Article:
I’ll admit that I wasn’t much into poetry growing up. In school, it seemed as if poetry was used as the vehicle to enhance our memorization skills, and that was fine with me. I found memorizing poems easy; understanding what the poet was trying to say, impossible.
So once I finished high school, I probably never read another poem until just a few years ago – a span of nearly 40 years. It was around the time that I started blogging, and consequently started to read other bloggers. For some reason, many of the bloggers I ended up following were either poets, like Brad Osbourne, or featured the work of well-known poets on a frequent basis, like David Kanigan.
I started to develop a new appreciation for poetry, and great respect for poets, thanks to the blogging community.
And so when I saw the headline “The best way to start your work day: Read a poem“, an article on Quartz by Anne Quito, I felt compelled to read it.
The first paragraph really hit home, and brought back memories of grade school:
Reading poetry is a willful act. Making sense of strange groupings of words requires an agile form of listening—one that can bridge ambiguity and keep pace with a poet’s linguistic leaps.
Back then, I wasn’t willing to put the effort into making sense of poems, and without the effort, the poems were indeed just a strange grouping of words.
But Pádraig Ó Tuama, an Irish theologian, poet, and the host of the new podcast Poetry Unbound, notes that:
“it is precisely these skills that make poetry pleasurable, and also useful in the workplace. In poetry, one allows ambivalence and ambiguity of multiple meanings to coexist. It creates space for hospitality and complexity.”
He believes that business professionals may have a latent facility for poetry:
“I think business people are used to looking at complex ways in which we use language, like in a negotiation,” Ó Tuama explains. “Even the whole idea of elevator pitch in a certain sense is a form of poetry. How can you say something, succinctly, that’s so compelling that it gets the imagination going.”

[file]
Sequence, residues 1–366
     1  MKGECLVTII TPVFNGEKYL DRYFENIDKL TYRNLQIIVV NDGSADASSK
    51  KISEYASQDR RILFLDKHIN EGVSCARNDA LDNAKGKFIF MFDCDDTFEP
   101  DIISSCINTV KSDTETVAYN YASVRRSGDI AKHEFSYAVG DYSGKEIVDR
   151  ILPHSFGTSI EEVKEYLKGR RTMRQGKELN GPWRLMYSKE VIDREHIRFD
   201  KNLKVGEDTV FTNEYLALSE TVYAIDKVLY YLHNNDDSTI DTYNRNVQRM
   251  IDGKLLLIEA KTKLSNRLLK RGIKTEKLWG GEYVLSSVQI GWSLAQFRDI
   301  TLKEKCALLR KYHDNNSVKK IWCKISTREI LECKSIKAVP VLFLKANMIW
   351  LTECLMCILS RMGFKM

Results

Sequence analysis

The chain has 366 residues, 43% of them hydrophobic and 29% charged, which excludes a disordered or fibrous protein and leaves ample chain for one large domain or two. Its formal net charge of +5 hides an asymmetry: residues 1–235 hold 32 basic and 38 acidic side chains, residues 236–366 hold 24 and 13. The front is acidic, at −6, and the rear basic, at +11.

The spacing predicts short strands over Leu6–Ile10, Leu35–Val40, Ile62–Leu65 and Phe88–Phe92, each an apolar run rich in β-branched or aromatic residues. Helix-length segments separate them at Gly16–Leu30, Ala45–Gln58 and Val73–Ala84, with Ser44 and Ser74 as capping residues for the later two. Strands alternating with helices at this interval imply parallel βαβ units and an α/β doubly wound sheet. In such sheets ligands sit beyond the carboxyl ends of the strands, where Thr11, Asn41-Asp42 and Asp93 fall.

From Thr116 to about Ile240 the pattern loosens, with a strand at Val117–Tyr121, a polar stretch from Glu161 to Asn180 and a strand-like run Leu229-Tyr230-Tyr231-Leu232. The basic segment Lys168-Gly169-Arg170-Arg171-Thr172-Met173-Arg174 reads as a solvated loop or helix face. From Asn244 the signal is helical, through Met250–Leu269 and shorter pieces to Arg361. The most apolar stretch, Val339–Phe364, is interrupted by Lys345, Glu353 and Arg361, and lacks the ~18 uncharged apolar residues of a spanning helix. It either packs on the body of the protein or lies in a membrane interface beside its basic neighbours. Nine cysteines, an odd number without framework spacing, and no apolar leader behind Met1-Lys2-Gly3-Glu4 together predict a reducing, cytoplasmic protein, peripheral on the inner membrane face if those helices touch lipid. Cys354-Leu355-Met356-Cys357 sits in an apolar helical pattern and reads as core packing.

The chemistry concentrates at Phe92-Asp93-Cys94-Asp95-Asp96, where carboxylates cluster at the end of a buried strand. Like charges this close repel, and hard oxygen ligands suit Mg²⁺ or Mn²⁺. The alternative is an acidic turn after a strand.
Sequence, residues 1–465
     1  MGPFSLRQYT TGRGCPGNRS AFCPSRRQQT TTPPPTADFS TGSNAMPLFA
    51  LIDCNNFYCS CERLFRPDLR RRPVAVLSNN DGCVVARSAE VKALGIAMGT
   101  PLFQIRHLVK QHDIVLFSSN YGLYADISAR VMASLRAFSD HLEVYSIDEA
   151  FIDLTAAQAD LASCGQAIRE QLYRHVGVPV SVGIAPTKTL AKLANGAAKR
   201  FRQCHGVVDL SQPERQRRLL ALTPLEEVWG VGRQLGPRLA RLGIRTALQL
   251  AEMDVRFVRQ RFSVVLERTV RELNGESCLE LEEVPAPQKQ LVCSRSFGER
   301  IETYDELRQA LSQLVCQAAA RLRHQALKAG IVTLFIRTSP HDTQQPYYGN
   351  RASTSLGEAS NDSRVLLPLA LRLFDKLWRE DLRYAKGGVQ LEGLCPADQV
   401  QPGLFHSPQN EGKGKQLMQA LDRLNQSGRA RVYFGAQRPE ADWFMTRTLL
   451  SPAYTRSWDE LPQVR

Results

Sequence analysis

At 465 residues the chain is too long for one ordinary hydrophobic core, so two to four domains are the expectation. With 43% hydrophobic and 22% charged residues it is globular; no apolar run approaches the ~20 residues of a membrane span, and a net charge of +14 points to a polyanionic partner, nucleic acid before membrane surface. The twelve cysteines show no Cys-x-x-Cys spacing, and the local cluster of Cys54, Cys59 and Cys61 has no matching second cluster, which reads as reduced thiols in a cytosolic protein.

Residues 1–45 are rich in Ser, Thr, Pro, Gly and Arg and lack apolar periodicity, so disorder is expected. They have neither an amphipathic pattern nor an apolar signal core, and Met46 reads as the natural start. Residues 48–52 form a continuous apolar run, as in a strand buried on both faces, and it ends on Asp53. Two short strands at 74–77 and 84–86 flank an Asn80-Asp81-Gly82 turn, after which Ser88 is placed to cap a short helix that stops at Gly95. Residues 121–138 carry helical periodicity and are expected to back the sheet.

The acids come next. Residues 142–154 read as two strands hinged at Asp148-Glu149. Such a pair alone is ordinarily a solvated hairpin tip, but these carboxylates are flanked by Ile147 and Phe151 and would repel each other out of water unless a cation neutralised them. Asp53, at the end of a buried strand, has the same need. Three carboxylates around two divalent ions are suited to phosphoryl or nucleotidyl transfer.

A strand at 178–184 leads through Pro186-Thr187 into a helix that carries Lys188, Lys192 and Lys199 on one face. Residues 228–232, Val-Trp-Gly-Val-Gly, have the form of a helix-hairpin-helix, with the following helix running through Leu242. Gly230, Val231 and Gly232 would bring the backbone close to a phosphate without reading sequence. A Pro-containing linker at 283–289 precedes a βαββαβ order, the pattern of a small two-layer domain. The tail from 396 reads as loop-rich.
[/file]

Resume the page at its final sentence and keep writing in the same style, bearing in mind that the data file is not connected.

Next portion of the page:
Ó Tuama experienced how starting each day with poetry can infuse a kind of lyricism to the most quotidian managerial tasks.
“I spent an hour and a half looking at the mystery of language and that has actually really helped me. I was able to bring myself with imagination to questions and look at language that was being used for HR, governance, fundraising, and communication. For me, poetry is really practical in the sense that it grounds you in what’s possible with language.”
John Paul Lederach, a Mennonite conflict mediator, likes to write meeting notes and trip reports in haiku form. The act of distilling information to a five-seven-five syllable format is a way to “capture the wonder of the human experience in the simplest of terms.” explained Lederach during a 2018 gathering in California.
At a certain time in my peace-building journey, sitting close to and with human suffering, little by little I was experiencing a deadening of my soul. Sometimes we call this ‘burnout…It’s amazing how something you learn in the second grade could become the light that enlivens the spirit. As an adult second-grader, my rediscovery was in understanding haiku as a contemplative practice, the seeking of the haiku attitude; that is, to prepare yourself to be touched by beauty, the noticing of the haiku moment that is the aha when the world is revealed for what it is.
Reading that makes me want to start writing some haikus.
It appears that I am not the only one with a newly found interest in poetry
A 2017 US National Endowment of the Arts study showed that poetry readership has skyrocketed, especially among young adults.
Celebrated podcast host Krista Tippett, whose company produces Poetry Unbound, attests that poetry-themed editions of her own show are very popular with listeners.
“Since the 2016 [US] election, there’s been a massive increase in downloads,” she says. “When societies are fractured, poetry always rises.”
So perhaps that’s also what has drawn me to poetry – its contemplative nature in a time of upheaval.
Thank you to all the poets and poetry-sharing bloggers out there who have raised my awareness of the power of poetry.
*image from the Poetry Shed